EECS665 – Compiler Construction – Drew Davidson $\newcommand{\bigsqcap}{\mathop ⨅}$

    Three-Address Code

    Topic Introduction

    The Abstract-Syntax Tree (AST) provides a suitable bridge from the concrete syntax of the input program. However, it is useful for the compiler to consider multiple IRs, in order to leverage the strengths (and mitigate the weaknesses) of each. Three-Address Code (abbreviated here as "3AC" and occasionally elsewhere as "TAC"), provides a good successor IR from the AST.

    3AC represents the program as a linear sequence of high-level instructions that provide a linear layout that will serve as the basis of ordering for the final code. Apart from it's linear ordering, the distinguishing feature of 3AC (and the reason for it's name), is that every instruction has at most three operands. Furthermore, non-trivial expressions are not allowed as 3AC operands. For example,

    a := b + c              (where the := operator refers to assignment)

    Is a legal 3AC instruction, but

    a := b + c + d

    Is not.

    In order to handle complex expressions, the computation is broken up over multiple instructions, with temporary variables introduced by the compiler to hold intermediate results. The above example may then be represented as

    tmp := b + c
    a := tmp + d


    There are two main benefits to using 3AC as an IR:

    Firstly, 3AC represents the program in a way that is still highly abstract (and thus is not tied to a particular architecture) while still moving the code closer to an executable representation. In effect, 3AC can serve as a bridge from the AST to final code.

    Secondly, the need for the compiler to commit to an initial instruction ordering is itself a feature of 3AC, as it determinizes the way in which an AST will be processed. For example, an AST for the expression a = (b * c) + (b + c) does not explicitly specify whether (b * c) should be evaluated before or after evaluating (b + c). In the former case, the compiler might translate the expression to

    tmp1 = b + c
    tmp2 = b * c
    while in the latter case, the compiler might use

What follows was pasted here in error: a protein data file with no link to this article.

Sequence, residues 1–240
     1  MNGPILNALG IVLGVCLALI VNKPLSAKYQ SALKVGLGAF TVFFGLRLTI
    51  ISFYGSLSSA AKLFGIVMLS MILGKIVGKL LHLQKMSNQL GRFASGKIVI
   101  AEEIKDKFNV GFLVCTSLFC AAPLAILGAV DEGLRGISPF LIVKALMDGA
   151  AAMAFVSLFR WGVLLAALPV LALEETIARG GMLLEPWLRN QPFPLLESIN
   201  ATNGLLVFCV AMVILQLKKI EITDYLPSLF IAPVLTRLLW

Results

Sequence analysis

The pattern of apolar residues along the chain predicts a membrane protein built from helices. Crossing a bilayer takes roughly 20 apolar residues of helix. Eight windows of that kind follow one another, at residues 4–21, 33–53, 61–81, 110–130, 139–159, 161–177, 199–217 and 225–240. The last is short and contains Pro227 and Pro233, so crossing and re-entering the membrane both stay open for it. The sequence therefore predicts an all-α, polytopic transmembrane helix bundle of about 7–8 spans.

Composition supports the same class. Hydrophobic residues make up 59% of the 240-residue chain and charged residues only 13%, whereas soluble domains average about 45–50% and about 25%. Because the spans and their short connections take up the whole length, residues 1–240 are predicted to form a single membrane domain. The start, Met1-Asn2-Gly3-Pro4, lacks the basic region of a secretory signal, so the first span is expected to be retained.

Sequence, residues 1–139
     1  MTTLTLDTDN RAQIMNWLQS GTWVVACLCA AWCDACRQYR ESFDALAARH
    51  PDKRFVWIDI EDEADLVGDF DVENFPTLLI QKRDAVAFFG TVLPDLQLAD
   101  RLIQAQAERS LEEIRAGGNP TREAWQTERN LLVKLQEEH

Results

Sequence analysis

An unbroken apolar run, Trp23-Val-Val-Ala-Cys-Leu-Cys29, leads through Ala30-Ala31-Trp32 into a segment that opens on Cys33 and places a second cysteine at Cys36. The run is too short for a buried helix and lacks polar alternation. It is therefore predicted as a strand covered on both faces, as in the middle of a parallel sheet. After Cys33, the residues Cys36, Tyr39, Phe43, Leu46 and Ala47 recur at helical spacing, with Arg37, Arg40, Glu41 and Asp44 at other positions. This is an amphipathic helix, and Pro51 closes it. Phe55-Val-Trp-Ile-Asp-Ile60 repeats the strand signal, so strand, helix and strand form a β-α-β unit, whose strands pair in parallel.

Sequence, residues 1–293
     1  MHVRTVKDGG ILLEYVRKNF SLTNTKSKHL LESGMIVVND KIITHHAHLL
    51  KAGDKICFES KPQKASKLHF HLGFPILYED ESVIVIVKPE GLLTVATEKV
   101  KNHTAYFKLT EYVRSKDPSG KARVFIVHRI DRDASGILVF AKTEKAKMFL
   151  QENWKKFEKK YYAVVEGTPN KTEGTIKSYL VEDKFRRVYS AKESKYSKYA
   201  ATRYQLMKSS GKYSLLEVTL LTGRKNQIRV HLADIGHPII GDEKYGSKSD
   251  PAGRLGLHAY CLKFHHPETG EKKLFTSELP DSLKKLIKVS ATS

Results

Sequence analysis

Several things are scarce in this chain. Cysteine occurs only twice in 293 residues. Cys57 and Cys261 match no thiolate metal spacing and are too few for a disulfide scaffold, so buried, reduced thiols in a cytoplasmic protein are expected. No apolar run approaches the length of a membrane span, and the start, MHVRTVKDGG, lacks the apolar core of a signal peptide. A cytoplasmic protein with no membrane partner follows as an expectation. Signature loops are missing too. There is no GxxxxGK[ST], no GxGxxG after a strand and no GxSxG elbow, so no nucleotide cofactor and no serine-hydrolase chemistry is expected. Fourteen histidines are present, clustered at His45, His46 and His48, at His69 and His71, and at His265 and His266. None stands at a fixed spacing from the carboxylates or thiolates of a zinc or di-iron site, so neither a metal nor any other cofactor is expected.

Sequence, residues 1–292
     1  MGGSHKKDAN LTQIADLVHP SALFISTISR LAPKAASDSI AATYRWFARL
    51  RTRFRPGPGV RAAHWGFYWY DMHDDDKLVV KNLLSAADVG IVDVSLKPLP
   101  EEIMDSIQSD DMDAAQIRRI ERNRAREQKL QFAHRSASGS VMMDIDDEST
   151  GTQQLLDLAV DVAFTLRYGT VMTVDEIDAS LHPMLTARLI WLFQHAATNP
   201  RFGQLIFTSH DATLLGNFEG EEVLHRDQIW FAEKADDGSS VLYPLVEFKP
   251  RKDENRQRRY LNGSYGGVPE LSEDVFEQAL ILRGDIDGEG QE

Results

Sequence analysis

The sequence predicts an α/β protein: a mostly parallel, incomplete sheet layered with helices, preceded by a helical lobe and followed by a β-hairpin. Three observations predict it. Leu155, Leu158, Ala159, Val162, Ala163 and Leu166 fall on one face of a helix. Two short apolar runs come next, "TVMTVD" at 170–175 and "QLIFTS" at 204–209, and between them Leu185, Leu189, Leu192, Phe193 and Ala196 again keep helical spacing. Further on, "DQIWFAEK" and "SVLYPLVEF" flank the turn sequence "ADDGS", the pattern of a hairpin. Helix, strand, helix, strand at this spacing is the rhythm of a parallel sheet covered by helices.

tmp1 = b * c
    tmp2 = b + c
    Some languages (including C++), leave some choices for order of evaluation between sub-expressions to the compiler-writer. Indeed, in this case either order would be considered acceptable according to the C++ language standard, but the second order might correspond to better performance in final code, due to instruction pipelining/instruction-level parallelism.

    Instruction Set

    Just as the particular node types in the AST are subject to both the scope of the compiler and the preferences of the compiler writer, the set of instructions that correspond to a 3AC definition is not canonical. As such, it is best to view 3AC as a family of psuedocode representations. The common theme of 3AC instruction sets are that the set contains a small handful of total instructions, each instruction is simple, and oerands are atomic (i.e. operands are not expressions). With that in mind, here's a sample instruction set that Drew made up (note that descriptions of each instruction follows below).

    Operand kinds

    • <opd> is an operand (variable or literal)
    • <opr> is a logical or mathematical operator
    • <lbl> is a label name
    • <proc> is a procedure name
    • <int> is an int literal

    • <opd> = <opd> <opr> <opd>
    • <opd> = <opr> <opd>
    • <opd> = <opd>
    • goto <lbl>
    • jnot <opr> <lbl>
    • call <proc>
    • enter <proc>
    • leave <proc>
    • setin <int> <opd>
    • getin <int> <opd>
    • setout <int> <opd>
    • getout <int> <opd>
    • nop
    • (You may annotate any instruction with a label followed by a colon)